Jun 17, 2022 | Sterile Processing

What are the current surgical instrument labeling techniques?

Surgical instrument inventories come in all shapes and sizes, which is why it’s important to have versatile options for surgical instrument identification and labeling. While marking surgical instruments may seem like a painful process, it doesn’t have to be.

Thanks to new technologies in the sterile processing industry, labeling and tracking surgical instruments and trays is easier than ever. Surgical instrument identification solutions can house all instrument labeling techniques in one place, offering you complete control of your inventory and eliminating the need for multiple vendors.

To help you better understand what surgical instrument identification techniques might work best for your facility, we’ve compiled a list of a few options and their associated pros and cons.

Surgical instrument identification methods

Because each healthcare facility has different needs, there is no one-size-fits-all solution when it comes to surgical instrument marking techniques. The best methods for your organization will depend on your overall inventory and the material, size and shape of each instrument.

Electrochemical marking

The electrochemical (ECM) surgical instrument marking method uses an electrical current, stencil and electrolyte fluid to place a mark on stainless steel instruments. Unlike etching and engraving, this mark doesn’t alter the surface of the instrument because it is applied below the instrument’s protective passivation layer.

Pro: Electrochemical marking creates a corrosion-free mark that doesn’t pose any threat to a surgical instrument’s integrity.

Con: The marks can erode over time and can sometimes be inadvertently removed if the instrument needs to be buffed during maintenance or repair.

Laser marking

Laser marking is the process of creating a traceable 2D barcode on a surgical instrument by heating its surface with a laser. It’s important to note that laser marking is NOT the same as laser etching or engraving, which creates grooves that impact the instrument’s surface. This not only compromises the integrity of an instrument – it also poses a threat to patient safety by creating a hiding space for bacteria and debris.

Pro: Lasers can place marks on a wider variety of instruments, such as ones with smaller shafts or less open space.

Con: Laser marks may erode over time and, like electrochemical marks, can sometimes be removed by buffing during maintenance or repair.

Marking tape or dots (mechanical)

Depending on your inventory, you may have instruments that aren’t suited for a laser or ECM mark due to their material, shape or size. Marking tape or dots can come in handy in these situations and are safe for sterilization.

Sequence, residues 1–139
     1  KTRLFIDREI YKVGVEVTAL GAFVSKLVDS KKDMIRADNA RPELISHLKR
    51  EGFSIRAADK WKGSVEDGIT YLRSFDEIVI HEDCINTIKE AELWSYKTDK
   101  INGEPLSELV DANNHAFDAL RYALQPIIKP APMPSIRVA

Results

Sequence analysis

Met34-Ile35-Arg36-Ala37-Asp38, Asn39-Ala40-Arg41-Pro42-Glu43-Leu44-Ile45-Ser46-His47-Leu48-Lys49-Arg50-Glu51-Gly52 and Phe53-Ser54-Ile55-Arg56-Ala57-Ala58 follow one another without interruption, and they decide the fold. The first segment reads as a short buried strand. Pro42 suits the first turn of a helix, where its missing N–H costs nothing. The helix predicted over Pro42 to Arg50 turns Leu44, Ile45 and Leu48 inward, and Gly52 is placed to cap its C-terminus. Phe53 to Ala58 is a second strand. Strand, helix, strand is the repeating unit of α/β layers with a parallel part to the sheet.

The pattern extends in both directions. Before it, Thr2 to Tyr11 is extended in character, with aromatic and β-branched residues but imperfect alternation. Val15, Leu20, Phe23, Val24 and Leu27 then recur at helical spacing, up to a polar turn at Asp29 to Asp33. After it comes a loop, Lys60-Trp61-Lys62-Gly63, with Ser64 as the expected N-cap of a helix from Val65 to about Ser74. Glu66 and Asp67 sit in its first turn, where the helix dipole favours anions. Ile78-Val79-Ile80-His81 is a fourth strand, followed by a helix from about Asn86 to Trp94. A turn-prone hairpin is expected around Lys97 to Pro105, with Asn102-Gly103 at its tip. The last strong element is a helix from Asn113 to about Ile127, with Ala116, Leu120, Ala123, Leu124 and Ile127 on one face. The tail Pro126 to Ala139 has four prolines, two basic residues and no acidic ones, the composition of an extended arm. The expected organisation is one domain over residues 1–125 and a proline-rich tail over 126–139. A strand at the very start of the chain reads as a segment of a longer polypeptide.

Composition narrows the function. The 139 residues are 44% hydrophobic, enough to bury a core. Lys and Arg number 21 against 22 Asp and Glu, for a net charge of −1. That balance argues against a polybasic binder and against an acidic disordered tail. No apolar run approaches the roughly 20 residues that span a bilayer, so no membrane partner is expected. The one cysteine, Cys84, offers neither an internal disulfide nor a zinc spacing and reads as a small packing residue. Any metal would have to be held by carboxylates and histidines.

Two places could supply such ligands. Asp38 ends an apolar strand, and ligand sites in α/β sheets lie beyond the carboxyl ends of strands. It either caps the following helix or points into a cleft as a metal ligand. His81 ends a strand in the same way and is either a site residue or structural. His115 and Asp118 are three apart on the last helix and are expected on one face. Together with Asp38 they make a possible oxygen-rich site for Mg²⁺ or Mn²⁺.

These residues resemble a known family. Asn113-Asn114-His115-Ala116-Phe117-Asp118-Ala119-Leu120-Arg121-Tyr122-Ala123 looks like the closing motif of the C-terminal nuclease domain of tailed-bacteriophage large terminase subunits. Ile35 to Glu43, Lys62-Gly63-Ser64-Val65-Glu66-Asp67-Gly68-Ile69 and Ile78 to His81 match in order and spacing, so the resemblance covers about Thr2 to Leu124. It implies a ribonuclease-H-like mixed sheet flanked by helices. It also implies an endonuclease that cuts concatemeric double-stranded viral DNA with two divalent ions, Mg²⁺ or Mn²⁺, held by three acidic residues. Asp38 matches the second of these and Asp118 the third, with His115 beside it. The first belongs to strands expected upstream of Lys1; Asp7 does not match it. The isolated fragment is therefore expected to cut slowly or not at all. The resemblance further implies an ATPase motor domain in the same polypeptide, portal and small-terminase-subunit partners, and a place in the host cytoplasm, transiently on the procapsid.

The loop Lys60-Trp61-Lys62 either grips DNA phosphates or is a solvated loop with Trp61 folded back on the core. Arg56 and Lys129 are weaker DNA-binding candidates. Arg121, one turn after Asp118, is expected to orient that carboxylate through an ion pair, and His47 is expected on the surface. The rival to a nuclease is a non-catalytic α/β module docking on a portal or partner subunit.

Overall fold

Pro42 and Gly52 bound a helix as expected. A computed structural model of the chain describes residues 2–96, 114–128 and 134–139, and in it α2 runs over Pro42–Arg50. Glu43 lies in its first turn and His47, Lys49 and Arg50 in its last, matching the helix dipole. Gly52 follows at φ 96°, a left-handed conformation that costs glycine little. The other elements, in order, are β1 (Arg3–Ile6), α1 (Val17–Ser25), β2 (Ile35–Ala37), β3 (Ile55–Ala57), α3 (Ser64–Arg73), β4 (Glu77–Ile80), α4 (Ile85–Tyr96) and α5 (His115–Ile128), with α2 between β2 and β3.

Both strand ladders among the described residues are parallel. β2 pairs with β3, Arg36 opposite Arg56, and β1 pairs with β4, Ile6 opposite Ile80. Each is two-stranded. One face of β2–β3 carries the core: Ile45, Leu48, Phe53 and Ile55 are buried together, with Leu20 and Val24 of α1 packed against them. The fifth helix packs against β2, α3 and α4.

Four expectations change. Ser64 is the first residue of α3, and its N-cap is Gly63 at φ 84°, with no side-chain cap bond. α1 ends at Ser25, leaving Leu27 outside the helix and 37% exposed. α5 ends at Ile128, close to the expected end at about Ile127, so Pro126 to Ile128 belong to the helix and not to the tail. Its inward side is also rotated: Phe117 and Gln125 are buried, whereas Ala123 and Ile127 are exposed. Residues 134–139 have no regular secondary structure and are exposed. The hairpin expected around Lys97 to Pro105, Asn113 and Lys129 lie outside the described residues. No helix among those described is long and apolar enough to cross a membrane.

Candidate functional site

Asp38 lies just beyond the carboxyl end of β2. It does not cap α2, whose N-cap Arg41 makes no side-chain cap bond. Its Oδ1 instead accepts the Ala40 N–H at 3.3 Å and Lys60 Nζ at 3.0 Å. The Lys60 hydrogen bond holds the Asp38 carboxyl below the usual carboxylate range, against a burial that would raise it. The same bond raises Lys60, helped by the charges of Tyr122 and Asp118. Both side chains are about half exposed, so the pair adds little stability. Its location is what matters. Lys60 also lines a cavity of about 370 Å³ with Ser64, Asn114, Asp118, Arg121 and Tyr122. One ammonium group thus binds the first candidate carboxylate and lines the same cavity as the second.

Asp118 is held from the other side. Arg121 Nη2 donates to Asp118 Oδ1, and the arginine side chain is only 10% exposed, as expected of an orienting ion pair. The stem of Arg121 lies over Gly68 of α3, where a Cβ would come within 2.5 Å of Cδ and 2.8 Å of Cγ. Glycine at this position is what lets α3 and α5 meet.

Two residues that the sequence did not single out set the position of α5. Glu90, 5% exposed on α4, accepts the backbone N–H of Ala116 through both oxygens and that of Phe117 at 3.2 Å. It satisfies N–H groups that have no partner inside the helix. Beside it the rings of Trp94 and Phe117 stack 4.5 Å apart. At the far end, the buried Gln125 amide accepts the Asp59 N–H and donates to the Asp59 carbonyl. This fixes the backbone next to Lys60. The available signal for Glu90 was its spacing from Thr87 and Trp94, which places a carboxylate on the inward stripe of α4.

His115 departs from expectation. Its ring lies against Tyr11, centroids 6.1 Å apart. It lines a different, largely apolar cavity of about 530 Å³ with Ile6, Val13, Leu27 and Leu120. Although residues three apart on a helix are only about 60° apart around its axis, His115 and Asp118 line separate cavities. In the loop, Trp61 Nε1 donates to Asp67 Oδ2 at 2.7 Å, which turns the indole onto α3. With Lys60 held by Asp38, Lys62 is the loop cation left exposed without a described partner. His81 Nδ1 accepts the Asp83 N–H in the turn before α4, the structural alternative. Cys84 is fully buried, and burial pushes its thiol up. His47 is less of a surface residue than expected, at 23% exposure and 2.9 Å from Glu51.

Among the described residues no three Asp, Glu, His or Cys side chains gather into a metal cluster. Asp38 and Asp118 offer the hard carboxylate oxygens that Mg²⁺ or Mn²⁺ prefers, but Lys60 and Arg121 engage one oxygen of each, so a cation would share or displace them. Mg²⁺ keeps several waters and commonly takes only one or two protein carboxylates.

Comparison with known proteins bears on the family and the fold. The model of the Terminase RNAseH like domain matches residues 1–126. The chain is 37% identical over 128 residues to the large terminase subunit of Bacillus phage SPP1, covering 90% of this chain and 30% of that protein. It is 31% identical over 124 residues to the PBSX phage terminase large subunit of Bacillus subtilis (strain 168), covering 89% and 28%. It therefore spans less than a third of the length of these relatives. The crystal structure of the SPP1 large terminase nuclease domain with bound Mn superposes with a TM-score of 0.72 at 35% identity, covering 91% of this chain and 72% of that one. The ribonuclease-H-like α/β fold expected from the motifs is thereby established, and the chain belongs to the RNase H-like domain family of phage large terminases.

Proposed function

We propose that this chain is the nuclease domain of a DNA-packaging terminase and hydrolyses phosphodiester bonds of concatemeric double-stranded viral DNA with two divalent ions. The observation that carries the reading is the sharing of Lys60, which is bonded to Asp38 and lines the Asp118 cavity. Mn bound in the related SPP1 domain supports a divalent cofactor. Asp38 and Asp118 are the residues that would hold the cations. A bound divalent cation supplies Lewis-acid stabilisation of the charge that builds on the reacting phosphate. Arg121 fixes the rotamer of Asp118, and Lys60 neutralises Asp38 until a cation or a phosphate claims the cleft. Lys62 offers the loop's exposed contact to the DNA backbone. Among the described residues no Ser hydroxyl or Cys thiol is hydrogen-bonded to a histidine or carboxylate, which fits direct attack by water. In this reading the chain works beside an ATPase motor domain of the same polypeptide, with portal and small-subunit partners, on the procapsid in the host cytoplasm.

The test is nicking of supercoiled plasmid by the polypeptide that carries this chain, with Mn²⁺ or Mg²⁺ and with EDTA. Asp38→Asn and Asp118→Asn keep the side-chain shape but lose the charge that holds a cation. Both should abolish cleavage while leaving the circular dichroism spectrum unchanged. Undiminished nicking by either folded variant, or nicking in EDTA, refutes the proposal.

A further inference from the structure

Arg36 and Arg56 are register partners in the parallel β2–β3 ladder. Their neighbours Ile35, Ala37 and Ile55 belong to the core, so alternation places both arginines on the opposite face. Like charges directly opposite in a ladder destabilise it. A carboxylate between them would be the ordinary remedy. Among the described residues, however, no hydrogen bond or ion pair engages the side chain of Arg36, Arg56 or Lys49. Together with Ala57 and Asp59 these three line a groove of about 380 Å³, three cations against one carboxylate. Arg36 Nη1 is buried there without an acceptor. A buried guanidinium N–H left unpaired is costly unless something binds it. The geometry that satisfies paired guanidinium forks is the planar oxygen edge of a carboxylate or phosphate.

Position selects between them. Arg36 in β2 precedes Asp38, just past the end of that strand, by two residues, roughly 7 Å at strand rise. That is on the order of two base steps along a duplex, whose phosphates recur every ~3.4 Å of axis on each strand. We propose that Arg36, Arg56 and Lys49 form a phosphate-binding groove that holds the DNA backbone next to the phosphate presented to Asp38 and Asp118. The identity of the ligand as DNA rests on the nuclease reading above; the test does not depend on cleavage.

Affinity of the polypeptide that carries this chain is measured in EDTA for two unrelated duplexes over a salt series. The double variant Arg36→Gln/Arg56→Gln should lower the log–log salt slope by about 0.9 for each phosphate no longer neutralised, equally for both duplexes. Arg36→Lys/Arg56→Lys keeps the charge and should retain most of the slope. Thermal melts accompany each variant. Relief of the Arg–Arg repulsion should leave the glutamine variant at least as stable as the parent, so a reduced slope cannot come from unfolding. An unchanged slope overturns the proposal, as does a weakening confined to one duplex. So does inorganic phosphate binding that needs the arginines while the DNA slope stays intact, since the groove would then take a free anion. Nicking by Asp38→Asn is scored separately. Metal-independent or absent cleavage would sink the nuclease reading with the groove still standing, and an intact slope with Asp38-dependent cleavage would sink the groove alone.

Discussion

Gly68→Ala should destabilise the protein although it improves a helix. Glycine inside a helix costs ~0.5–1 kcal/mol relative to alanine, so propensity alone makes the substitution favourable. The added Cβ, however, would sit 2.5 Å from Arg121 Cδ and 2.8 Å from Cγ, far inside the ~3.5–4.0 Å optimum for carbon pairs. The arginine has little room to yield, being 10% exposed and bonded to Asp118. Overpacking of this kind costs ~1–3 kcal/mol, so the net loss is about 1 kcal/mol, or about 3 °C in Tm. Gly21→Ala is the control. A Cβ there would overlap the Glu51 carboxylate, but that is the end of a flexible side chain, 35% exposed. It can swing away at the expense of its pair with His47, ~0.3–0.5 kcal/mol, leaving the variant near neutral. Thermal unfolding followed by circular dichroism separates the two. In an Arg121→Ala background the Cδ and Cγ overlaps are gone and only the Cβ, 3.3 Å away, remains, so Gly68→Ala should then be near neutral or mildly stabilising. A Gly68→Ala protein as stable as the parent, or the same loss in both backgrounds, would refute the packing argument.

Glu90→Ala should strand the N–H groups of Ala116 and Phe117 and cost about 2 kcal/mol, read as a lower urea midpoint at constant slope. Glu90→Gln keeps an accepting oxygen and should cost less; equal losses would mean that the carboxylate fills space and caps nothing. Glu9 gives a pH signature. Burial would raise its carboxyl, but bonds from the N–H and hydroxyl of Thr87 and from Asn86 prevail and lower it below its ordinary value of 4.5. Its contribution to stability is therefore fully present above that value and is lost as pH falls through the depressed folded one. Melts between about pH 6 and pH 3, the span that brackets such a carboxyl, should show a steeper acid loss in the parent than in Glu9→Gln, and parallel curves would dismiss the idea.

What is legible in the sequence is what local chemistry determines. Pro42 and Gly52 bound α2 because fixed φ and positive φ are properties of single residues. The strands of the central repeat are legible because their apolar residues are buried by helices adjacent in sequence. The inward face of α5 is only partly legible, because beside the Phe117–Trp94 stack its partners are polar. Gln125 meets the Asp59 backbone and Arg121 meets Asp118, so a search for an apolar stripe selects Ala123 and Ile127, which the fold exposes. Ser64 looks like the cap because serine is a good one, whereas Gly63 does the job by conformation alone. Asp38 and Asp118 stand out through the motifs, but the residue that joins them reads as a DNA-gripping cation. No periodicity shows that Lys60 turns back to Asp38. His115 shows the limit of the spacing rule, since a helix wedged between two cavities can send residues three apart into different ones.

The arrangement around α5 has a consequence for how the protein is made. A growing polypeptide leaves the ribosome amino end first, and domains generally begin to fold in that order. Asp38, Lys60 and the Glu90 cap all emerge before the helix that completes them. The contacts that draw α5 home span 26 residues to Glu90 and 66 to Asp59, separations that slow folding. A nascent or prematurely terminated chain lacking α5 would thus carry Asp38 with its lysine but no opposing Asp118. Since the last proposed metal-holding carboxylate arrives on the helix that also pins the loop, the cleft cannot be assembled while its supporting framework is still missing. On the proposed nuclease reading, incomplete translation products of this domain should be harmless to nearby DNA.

Pro: Tape and dots are a cheap and easy way to mark instruments that can’t be marked with other methods.

Con: These marks don’t last as long as surgical instrument marking techniques such as a laser or ECM.

Benefits of labeling surgical instruments vs. trays

If you’re considering implementing a new surgical instrument identification solution, another important decision you’ll need to make is whether you want to track trays or individual instruments. While tracking surgical assets at the tray or container level provides clear traceability and visibility of sets, it lacks the valuable data and detailed level of accountability gained when tracking individual instruments.

Both the time and financial investment for instrument-level labeling might be higher up front, but the long-term benefits are unmatched compared to tray labeling and tracking. Here are a few key differences between the two.

Tray labeling solutions

  • Only requires trays to be labeled, therefore only trays can be tracked
  • Any instrument can be matched to any tray
  • Easier to adopt for first-time labelers and trackers
  • Unable to provide historical data on where individual instruments were used
  • Can track a tray back to a patient but not the instruments that were used
  • Pose a liability threat for facilities if a patient is compromised by an instrument that is untraceable
  • Unable to track down missing instruments when they are separated from their trays

Instrument-level labeling solutions

  • Provide complete visibility into where every instrument in a facility’s inventory has ever been used, improving workflow efficiency and patient safety
  • Make it easier to identify which asset is at fault if an outbreak or infection occurs
  • Make it easier to quickly locate specialized instruments for a particular case
  • Identify allowable substitutions for instruments that aren’t available
  • Provide real-time data to inform maintenance schedules
  • Make it easier to find instruments involved in a recall
  • Can present a learning curve for technicians
  • Often requires a larger financial investment

How CensiMark can help

CensiMark is a surgical instrument marking solution that provides the most comprehensive range of options – including laser, electrochemical and mechanical marking. With CensiMark, you receive marking services, training and commissioning of the instruments into your system. The service is also scalable so you can mark instruments at your own pace.

To further increase its strength, efficiency and accountability, CensiMark can be paired with CensiTrac, the industry’s most capable and comprehensive surgical instrument tracking system that can be built to implement directly into your facility’s existing ecosystem. This software combination can alert technicians when a tray is incomplete or has the wrong instrument added to it, ensuring that trays are assembled correctly and in the right order to avoid delays in the operating room.

Learn more about CensiMark, CensiTrac and Censis’s other solutions here.